“GoT” LAST SEASON, EPISODE 2 Shows Calm Before Undead STORM

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Seeing as it only has one more than a handful of episodes for its final, conclusive season, we can afford to reserve the start of the week for musing on the new Sunday’s chapter of “Game of Thrones” on HBO. Battle lines are soon to be drawn as the world-ending army of White Walkers and undead wights, led by the Night King, are soon to meet their first determined resistance south of the broken Wall. That battle does not actually happen in season 8 episode 2, titled “A Knight of the Seven Kingdoms.” But what does transpire solidifies fan reception to the characters at Winterfell before they risk dying soon.

Indeed, the climax of the previous episode and final season premiere for “Game of Thrones” saw some of the last of those who chose to fight for Westeros arriving in Winterfell on the North. Among them is Jaime Lannister (Nikolaj Coster-Waldau) who arrives in time to meet the boy he tried to kill in the series premiere (Bran Stark – Isaac Hempstead Wright). He is then seized an put on trial by Queen Daenerys (Emilia Clarke) for having killed her grandfather in Robert’s Rebellion years ago, only for his companion Brienne (Gwendoline Christie) to speak on his behalf, thus sparing him.

From there, the narrative moves to the resigned defense of Winterfell by its occupants. Jaime had revealed that no help was coming since his sister wants them to be slaughtered by the White Walkers first. Daenerys blames this lack of oversight on her Hand, Tyrion (Peter Dinklage) who tried to forge an alliance of convenience between her and Cersei (Lena Headey) on the Iron Throne, only to be taken in by another falsehood. The consequence of the treachery is magnified when Tormund (Kristofer Hivju) arrives with his party to announce the fall of House Umber, meaning the Walkers might arrive in the middle of evening.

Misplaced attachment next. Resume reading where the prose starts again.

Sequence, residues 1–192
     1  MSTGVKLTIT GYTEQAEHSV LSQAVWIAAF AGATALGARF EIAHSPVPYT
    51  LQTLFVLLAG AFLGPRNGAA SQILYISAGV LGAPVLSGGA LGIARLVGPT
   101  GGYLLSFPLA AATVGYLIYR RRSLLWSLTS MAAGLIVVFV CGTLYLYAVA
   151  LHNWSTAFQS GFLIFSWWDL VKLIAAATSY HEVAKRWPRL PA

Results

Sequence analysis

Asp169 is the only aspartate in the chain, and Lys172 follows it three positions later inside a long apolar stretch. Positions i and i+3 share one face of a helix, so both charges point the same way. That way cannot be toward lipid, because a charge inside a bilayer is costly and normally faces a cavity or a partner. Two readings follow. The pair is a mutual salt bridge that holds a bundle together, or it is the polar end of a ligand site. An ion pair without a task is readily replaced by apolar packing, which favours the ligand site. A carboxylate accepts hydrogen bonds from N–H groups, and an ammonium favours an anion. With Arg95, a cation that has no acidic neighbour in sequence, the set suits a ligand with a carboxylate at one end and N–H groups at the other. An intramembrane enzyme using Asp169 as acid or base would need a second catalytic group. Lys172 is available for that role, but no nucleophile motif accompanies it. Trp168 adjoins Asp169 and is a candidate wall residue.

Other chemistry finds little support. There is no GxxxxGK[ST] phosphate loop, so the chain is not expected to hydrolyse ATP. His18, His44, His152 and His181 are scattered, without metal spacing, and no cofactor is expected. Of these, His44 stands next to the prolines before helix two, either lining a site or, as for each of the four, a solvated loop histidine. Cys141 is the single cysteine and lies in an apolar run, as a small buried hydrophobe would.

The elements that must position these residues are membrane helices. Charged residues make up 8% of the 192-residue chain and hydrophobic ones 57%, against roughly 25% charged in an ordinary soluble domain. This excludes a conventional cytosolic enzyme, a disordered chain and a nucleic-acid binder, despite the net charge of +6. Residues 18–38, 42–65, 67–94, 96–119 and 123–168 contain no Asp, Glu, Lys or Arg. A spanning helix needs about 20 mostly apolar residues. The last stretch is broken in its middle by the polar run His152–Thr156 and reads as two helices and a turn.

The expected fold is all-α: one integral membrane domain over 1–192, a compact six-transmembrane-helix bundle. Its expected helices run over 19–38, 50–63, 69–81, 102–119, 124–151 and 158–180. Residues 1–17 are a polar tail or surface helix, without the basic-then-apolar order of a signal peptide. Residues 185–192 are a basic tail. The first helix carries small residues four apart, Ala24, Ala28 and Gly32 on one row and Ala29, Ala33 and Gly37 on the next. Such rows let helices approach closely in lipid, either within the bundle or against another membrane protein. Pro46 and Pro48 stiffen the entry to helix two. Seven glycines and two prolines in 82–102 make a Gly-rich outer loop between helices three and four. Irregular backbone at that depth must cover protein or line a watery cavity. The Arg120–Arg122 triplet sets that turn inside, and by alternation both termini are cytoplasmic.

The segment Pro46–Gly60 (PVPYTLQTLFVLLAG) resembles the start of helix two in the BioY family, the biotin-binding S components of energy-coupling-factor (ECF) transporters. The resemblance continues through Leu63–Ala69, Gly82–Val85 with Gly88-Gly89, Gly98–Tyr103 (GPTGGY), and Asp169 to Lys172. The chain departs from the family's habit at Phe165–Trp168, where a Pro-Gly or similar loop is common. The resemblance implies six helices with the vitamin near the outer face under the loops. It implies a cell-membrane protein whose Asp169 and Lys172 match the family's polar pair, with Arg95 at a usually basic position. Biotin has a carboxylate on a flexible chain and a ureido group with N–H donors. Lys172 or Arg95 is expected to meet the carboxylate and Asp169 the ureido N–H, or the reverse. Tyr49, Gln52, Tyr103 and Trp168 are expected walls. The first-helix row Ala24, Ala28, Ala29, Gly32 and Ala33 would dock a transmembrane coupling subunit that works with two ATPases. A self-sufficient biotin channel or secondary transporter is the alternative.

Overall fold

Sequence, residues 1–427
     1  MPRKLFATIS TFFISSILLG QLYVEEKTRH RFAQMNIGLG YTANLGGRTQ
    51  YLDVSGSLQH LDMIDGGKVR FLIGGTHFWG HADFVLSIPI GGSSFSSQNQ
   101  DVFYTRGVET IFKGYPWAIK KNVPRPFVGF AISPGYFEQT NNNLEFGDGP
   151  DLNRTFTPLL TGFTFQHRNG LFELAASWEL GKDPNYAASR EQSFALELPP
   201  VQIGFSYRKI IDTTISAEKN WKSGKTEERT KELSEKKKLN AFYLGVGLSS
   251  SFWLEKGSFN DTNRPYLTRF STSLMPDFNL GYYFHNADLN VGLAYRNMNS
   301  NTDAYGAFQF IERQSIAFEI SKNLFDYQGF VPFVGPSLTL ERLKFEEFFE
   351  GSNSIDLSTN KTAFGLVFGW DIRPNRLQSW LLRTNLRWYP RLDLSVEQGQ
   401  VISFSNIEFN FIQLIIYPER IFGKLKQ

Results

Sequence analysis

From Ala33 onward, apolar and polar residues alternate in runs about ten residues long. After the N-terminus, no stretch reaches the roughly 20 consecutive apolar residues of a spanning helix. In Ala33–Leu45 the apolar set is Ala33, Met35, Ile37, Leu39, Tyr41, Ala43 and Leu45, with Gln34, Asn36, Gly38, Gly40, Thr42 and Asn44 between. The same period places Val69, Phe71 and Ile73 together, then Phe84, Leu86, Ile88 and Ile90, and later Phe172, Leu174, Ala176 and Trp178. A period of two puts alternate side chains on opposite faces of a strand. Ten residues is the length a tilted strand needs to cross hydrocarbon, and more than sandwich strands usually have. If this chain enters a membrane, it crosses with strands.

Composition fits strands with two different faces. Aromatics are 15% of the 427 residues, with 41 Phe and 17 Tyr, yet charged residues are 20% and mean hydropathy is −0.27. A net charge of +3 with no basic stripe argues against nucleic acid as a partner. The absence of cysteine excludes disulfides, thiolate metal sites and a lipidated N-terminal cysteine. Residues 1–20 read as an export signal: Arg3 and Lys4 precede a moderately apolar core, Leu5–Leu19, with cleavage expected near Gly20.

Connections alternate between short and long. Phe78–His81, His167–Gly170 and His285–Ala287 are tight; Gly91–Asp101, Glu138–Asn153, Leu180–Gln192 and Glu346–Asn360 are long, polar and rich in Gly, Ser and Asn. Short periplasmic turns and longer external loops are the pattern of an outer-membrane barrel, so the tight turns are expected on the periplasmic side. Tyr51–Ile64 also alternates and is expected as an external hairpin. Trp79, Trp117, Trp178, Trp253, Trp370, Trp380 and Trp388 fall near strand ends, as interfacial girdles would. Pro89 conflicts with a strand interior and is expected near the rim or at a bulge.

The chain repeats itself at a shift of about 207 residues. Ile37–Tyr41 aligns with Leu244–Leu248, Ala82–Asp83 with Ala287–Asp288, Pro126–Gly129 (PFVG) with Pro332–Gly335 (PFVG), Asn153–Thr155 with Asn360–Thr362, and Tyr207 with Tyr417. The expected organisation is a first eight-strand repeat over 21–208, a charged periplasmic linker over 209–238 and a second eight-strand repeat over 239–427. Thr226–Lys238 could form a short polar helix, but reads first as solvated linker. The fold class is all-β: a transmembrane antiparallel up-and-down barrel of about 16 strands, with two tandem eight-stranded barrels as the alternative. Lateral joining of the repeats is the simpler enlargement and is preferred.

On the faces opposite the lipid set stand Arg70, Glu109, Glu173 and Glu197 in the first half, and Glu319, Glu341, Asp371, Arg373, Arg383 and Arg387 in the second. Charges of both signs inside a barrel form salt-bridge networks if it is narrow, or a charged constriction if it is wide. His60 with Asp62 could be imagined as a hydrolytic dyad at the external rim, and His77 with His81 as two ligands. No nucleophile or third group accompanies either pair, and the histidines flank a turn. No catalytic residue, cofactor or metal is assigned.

In signature “Game of Thrones” style, this fragile alliance seems on the verge of collapsing even in the face of common annihilation. A major factor is Dany’s now-pathological obsession over the Iron Throne and her rule over the Seven Kingdoms. Because of this she fails to instill further trust in Sansa Stark (Sophie Turner) by remaining mum on the fate of the North, should they win. And when she finally learns the truth about Jon Snow (Kit Harington) in one of the episode’s climaxes, she looks about ready to kin-slay.

Another climax of “A Knight of the Seven Kingdoms” happens when many of the principal warriors gather to muse on their chances of survival. It is brought up that Brienne, for all her prowess and armored look, is not actually a knight. Jaime lays the matter to rest by knighting her, fulfilling Brienne’s impossible dream. (And cementing their relationship perhaps?) One more point of interest has Arya Stark (Maisie Williams) badgering Gendry (Joe Dempsie) to make her a new weapon, and then sleeping with him later so as not to die in battle a virgin.

This part can be off-putting especially for those who have followed “Game of Thrones” since the beginning in 2011. Maisie was a kid then; so was Arya. But in the eight years the show aired (and the 1-2 years of hardship and assassin training her character endured in-universe) both have grown up. If any longtime viewers felt icky, that is understandable. Williams is 22 now.

Meanwhile, Bran has proposed a strategy in the coming battle. As he was cursed by the Night King in past seasons so as to always know where he is, he plans to bait his location in the forest outside Winterfell. Presenting himself to help guard Bran is the returning Theon Grejoy (Alfie Allen) who pledges to fight for his second home. The arrival of the White Walkers outside finally spurs the defenders into action, and delays what drastic reaction Danerys might have had over Jon Snow, that is, Aegon Targaryen.

With the personal-focus story threads out of the way, Episode 3 next Sunday will provide the epic battle as well as the heartstring torture as some of these characters run the chance of being killed off. The character interactions done here have done their job in making audiences care for them anew, and hurt when they start dropping like flies. “Game of Thrones” season 8 airs Sundays only on HBO.

Image courtesy of YouTube (screenshot)

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